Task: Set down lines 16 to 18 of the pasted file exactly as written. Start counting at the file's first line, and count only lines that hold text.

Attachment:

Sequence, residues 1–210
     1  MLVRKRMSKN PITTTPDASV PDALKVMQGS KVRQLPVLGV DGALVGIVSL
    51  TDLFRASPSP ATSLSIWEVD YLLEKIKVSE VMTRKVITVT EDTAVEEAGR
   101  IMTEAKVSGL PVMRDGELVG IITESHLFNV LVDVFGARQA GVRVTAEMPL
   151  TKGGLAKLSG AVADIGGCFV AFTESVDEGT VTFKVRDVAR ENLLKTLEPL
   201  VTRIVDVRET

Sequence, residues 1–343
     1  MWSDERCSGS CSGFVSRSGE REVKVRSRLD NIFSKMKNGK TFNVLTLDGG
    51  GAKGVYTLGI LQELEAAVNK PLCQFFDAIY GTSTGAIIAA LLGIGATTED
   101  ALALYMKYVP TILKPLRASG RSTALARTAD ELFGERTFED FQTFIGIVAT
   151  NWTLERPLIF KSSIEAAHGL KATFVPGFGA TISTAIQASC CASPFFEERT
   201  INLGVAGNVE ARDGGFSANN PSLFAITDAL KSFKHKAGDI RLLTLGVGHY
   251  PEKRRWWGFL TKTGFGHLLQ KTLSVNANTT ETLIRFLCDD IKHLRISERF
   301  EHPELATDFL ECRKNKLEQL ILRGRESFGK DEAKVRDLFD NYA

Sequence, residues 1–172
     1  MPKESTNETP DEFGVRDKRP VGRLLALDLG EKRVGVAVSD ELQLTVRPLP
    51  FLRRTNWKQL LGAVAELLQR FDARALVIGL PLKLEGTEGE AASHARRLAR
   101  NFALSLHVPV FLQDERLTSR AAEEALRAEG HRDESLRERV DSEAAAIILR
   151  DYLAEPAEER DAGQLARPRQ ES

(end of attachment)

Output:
     1  MPKESTNETP DEFGVRDKRP VGRLLALDLG EKRVGVAVSD ELQLTVRPLP
    51  FLRRTNWKQL LGAVAELLQR FDARALVIGL PLKLEGTEGE AASHARRLAR
   101  NFALSLHVPV FLQDERLTSR AAEEALRAEG HRDESLRERV DSEAAAIILR